Editor’s note: This is a response to “More nuance needed in discussion of Vassar’s finances,” written by Joshua Sherman ’16 published in the Opinions Section on Feb. 1, 2017. Sherman’s piece was a response to Professor Foster’s, “The Vassar Bubble Has Popped,” published in Boilerplate Magazine. This article was run in the print edition of The Miscellany News as, “Administration must be trimmed, financial aid upheld.”
Writing for the Miscellany News, Joshua Sherman (class of ’16) assures the Vassar community that a loss of $54 million (as reported in Boilerplate Magazine) is hardly breathtaking: “Vassar is not on the brink of its extinction.” Josh is right. Vassar remains among the richest colleges in America. We still receive more revenue in tuition and fees (even after generous financial aid discounts) than most other colleges. No one’s talking bankruptcy here. (For your parents, maybe. For the College, not so much.) Josh frets that someone may think “Vassar isn’t a valuable institution to attend.”
No one who matters thinks that. Vassar is one of the most valuable colleges in the world. It’s also one of the most expensive. Faculty and administration have therefore a responsibility to deliver top value to each student, no matter what he or she may have paid to be a member of the community.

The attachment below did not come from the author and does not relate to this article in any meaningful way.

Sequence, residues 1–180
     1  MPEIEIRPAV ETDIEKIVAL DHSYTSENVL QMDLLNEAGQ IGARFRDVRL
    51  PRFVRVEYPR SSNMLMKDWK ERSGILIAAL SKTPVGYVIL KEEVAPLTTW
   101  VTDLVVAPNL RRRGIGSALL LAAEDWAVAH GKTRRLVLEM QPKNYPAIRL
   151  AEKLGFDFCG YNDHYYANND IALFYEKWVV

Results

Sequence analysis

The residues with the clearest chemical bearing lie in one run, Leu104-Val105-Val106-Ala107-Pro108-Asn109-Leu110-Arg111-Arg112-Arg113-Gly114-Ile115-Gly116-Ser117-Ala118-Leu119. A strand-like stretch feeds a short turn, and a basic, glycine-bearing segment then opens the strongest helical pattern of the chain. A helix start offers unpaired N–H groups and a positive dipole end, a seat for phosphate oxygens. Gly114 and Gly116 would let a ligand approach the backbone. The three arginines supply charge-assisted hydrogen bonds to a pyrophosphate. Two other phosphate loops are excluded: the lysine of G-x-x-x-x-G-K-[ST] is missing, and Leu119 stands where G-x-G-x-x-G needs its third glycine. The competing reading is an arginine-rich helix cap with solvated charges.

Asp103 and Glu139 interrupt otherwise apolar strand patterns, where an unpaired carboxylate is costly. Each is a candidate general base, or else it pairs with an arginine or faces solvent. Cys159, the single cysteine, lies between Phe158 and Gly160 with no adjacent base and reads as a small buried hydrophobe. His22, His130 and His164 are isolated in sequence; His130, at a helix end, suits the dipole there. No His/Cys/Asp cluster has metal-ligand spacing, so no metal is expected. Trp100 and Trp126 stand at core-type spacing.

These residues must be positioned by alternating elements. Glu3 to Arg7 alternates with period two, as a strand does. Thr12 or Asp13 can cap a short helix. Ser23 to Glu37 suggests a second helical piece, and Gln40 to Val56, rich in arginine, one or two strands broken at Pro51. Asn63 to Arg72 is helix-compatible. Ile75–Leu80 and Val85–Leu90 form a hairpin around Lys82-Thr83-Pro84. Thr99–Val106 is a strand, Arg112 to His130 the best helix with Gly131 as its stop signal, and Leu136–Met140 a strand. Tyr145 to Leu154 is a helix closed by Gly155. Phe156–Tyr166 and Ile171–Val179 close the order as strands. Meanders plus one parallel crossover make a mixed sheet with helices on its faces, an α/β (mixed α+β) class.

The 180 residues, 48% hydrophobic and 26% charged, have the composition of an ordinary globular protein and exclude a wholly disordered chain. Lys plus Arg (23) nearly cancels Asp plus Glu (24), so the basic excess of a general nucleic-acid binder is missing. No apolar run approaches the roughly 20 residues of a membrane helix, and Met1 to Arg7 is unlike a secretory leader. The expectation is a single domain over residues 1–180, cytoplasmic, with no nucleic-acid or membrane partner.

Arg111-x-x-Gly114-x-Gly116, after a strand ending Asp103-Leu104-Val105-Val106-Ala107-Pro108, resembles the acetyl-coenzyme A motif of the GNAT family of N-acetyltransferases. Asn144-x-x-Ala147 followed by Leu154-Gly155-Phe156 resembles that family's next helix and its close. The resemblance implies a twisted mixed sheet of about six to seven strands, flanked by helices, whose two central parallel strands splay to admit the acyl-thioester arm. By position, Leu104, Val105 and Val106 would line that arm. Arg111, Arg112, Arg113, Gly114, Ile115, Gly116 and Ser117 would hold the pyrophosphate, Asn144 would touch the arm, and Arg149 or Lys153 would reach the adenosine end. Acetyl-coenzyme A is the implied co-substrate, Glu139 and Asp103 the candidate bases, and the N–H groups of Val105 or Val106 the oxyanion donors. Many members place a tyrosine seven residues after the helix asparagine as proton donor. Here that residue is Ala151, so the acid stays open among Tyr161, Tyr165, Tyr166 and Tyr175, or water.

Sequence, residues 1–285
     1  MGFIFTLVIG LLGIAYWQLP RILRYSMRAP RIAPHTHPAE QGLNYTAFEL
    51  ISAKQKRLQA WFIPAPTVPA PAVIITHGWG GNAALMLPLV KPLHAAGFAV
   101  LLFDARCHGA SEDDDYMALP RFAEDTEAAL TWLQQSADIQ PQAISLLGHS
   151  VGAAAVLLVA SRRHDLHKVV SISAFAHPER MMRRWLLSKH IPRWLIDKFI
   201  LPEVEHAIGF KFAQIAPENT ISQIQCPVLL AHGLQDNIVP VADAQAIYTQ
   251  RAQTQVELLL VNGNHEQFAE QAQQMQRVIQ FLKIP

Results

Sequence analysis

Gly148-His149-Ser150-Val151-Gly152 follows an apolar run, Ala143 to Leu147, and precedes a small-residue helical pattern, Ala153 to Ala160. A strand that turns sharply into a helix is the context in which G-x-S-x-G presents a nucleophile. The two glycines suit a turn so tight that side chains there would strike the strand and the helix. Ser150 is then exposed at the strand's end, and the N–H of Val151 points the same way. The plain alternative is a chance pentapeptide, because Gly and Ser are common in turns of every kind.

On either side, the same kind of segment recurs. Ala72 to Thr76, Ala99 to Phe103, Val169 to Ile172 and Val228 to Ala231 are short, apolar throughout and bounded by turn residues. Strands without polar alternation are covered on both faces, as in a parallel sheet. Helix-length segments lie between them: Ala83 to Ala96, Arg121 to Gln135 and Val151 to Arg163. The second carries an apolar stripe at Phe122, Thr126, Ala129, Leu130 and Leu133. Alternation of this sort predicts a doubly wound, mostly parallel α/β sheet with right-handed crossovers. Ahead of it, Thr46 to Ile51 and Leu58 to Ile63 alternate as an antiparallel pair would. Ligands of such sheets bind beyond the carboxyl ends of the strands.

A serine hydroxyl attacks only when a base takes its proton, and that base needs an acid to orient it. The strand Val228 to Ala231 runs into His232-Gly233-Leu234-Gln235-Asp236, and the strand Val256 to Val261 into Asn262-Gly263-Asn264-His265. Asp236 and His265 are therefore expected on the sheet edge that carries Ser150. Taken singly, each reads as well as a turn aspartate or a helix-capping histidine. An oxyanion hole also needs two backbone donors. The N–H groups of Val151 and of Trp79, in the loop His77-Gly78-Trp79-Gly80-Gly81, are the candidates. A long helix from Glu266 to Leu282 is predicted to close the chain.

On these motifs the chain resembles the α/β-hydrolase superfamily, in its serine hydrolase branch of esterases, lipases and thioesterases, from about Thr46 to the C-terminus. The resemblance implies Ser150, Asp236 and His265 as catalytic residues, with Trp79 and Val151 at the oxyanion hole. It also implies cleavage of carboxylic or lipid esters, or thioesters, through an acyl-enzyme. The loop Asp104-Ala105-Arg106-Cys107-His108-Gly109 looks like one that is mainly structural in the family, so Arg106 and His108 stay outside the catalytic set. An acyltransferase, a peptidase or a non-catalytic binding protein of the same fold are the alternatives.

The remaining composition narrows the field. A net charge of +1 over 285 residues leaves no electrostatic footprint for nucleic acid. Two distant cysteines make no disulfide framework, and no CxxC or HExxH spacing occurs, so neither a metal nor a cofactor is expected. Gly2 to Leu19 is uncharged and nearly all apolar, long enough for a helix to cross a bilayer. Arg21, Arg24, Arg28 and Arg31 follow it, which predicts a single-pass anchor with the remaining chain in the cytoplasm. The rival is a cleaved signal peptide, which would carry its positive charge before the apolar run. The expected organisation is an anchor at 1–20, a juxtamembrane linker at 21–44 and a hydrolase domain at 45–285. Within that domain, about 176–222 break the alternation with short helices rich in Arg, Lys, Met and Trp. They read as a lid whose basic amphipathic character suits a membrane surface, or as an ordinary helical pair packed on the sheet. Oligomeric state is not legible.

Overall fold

“If we’re on a financial highway to hell as Professor Foster insinuates,” alleges Josh, “then we’re in good company.” Setting aside the ascribed hyperbole, Josh is right again: Vassar is not alone. Many of the nation’s wealthiest schools have spiked tuition and hiked administration costs exponentially, while the workers’ wages have been held in check, and the budget for student services slowly chokes. The CEOs earn more; the consumer pays more and receives less.
If you maintain a slick advertising campaign for your brand, all’s good. And yet, in 2016, several of the worst-offending schools saw significant losses to their endowments that could not be offset by high tuition. The net declines were not chiefly from unlucky investments but from bad spending by college officers who drained endowment-cash on the expectation of capital gains that did not materialize.
Every endowment suffers a loss from time to time. Money spent is cash over the dam. How we recover financial equilibrium, as we move forward, will depend on which budgets get cut, and on how well we are able to restore alumni confidence.
Nuance is good. So, too, is factuality. When Josh states that 2016 was Vassar’s first net loss since 2007, he’s mistaken (2007/8, 2008/9, 2011/12). Josh writes that Vassar’s 2015/16 loss of 5.5 percent “happened to almost all other colleges with large endowments.” Fact: Of the 97 schools that had more wealth than Vassar in 2015, seventy-one had a better year than we did financially. Berry College—with its $56 million gain against our $54 million loss—sailed right past us. Among 39 liberal arts colleges in New York State, 28 endowments performed better than Vassar, and 10, worse. Oswego College topped the list with 21 percent growth. It’s true that big spenders took a big hit. But the #1 biggest loser, Harvard, will hardly feel the pinch: with $35.6 billion remaining, Harvard can lose $54 million a year for the next 658 years and still be left with pocket change.
In reporting that the S&P 500 “declined 3.05 percent,” Josh is mistaken: July 2015-June 2016 the S&P 500 actually went up (slightly). Meanwhile, Vassar suffered $20.6 million in realized and unrealized losses on investments. By Josh’s math, that sum represents “only 1.7 percent” of the college’s $54.1 million net loss to the endowment (but 20.6/54.1=38.1 percent).